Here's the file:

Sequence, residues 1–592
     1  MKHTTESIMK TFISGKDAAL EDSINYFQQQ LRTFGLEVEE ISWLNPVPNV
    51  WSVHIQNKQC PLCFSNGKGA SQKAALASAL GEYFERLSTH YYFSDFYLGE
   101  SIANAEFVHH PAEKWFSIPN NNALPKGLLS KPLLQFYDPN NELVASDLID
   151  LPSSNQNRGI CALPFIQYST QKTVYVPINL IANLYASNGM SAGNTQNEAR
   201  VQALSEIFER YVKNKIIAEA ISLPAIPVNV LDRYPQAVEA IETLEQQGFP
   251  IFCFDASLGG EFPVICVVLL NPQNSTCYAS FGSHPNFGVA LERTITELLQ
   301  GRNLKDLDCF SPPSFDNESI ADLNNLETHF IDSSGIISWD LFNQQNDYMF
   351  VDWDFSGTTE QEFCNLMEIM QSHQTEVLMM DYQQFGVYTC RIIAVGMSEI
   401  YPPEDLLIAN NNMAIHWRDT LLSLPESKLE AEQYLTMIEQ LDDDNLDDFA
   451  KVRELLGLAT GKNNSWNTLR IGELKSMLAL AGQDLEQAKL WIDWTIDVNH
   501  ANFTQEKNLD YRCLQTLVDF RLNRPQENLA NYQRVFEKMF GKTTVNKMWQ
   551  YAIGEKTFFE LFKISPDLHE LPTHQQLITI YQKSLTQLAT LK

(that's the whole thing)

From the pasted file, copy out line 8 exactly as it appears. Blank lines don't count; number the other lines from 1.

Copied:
   301  GRNLKDLDCF SPPSFDNESI ADLNNLETHF IDSSGIISWD LFNQQNDYMF